Increasingly the Met resembles one of those extremist Left-wing councils of the 1980s. Recruitment policies are driven by skin colour and sex, above quality of applicant. The bias towards women and ethnic minority candidates is quite explicit, with priority given for training places towards those who speak a second language or “have knowledge or experience of a community group”. The goal is to have 25 per cent of the Met non-white by 2009, but even the National Black Police Association has said that this is “a ridiculous target”, for its achievement would require 80 per cent of new recruits to be black or Asian over the next four years.

And 35 per cent of current recruits are female, hardly an inspiring thought given the soaring levels of violent crime on the streets of the capital.


Indeed, the Met is now quite explicit about its enthusiasm for social engineering. Its Confidence and Equality Strategy paper, published last month, states, “mainstreaming diversity is essentially about creating a fairer society in its widest sense, when everyone can participate and have the opportunity to realise their full potential”.

This kind of socialist utopianism is nothing to do with crime, but it now permeates the Met’s work. So, typically, the Met runs a fashion show at Tate Modern, costing £110,000 for disaffected teenagers in Southwark. In the same vein, Scotland Yard has asked Asian businesses to hire “vulnerable youngsters” from their own communities to divert them from crime, while senior Met officer Michael O’Keefe recently visited India to examine the concept of “corporate social responsibility”.

It is just as keen on gay rights, and will be one of the key hosts for “Celebrate”, a European gay police conference in London at the end of the month. The central theme is the “ability to actively celebrate difference, not merely to tolerate or even respect it”. The Met is also to be represented at the “Big Gay Out” festival in London next month.

The tragedy of all this activity is that it is severely detracting from the central job of the police in protecting society. The British public spends £2.7 billion on the Met, which now employs no fewer than 32,000 officers and 13,400 civilian staff. But, because of warped political priorities, the number of officers on patrol is minuscule, and rates of clear-up for crime remain dismally low. At September 2004, just 18.3 per cent of crimes were resolved, while the rate for burglary was 13.2 per cent and for robbery, 16 per cent.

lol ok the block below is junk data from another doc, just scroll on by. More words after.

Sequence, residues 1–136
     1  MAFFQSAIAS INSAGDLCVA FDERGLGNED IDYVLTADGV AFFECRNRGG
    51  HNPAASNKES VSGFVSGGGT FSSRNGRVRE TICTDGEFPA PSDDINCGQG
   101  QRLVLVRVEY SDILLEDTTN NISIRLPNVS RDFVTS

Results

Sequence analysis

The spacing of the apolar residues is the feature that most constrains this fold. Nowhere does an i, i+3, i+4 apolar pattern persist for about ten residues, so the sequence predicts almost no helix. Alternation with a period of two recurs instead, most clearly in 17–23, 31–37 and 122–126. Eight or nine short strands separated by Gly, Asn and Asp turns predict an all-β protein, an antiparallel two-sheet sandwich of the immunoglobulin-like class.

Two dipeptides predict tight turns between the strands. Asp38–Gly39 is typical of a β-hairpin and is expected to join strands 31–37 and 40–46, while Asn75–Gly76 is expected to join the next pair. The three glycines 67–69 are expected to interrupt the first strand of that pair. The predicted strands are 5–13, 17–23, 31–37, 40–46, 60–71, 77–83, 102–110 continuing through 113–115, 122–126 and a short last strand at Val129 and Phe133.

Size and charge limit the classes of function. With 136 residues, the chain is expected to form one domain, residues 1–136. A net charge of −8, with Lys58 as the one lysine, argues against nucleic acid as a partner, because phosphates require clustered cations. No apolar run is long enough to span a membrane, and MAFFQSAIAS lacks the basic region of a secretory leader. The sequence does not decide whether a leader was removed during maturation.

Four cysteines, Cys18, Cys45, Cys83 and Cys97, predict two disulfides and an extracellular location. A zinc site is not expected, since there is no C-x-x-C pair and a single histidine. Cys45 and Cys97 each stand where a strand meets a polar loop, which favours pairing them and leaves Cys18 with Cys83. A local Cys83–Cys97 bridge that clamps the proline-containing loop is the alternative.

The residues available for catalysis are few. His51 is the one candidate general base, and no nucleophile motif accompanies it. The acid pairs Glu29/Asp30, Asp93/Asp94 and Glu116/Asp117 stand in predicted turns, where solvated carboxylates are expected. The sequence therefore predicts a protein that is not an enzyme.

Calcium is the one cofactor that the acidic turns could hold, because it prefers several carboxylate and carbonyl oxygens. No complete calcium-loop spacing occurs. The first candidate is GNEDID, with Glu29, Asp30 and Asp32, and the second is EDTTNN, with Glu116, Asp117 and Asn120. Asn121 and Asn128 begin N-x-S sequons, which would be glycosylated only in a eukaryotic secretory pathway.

It is no wonder that the middle-classes in London have lost faith in the police. Once the police could be regarded as their allies in the provision of security and the protection of property; today they are in the vanguard of the social revolution.

Meanwhile, the police officers’ trade union, the Police Federation, exploits the atmosphere of victimhood to entrench its position, upholding outdated working practices and systematic abuses. Where manufacturing and the private sector were forced to change over the past three decades, the Metropolitan police service remains one of the last bastions of the producer-led culture, its workforce abusing its monopoly position as flagrantly as the nationalised industries of the Seventies. That is why rates of absenteeism - currently an average of 7.4 days a year for police officers and 9.3 days for civilian staff - remain so high. And there is no sign of change.

Management is just as big an appeaser of its own failing workforce as it is of criminality. The public, which pays for this farce and has to suffer ever-increasing crime, deserves better.


Posted by Drew458   United Kingdom  on 06/04/2008 at 11:32 AM   
Filed Under: • Democrats-Liberals-Moonbat LeftistsRacism and race relationsStoopid-PeopleUK •  
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calendar   Tuesday - June 03, 2008

Islamic extremists should get therapy …… (That isn’t a joke people. It’s being suggested here)

I just can not put any comments in here.  Drew? You out there?
I’m not even gonna say how stupid I think it is. Just that it is.  But then, the Brits (many) are very liberal thinkers and mean well. Meanwhile, the slime will bury em one day in the future with enuff of this touchy-feely crap.

Islamic extremists should get therapy, Home Office tells local councils

by James Kirkup, Political Correspondent
Last Updated: 9:00AM BST 03/06/2008

Islamic extremists could escape prosecution and instead receive therapy and counselling under new Government plans to “deradicalise” religious fanatics.

The Home Office is to announce an extra £12.5 million to support new initiatives to try to stop extremism spreading.

The central element of the Home Office plan is a new national “deradicalisation” programme that would persuade converts to violent and extremist causes to change their views.

Controversially, the new plan makes clear that people who fall under the influence of violent organisations will not automatically face prosecution.

Instead, the presumption should be that some such individuals would face therapy and counselling from community groups instead of criminal charges.

Documents being distributed to local councils explain that many people who get drawn into extremism have often suffered some sort of personal trauma or crisis that makes them vulnerable to exploitation.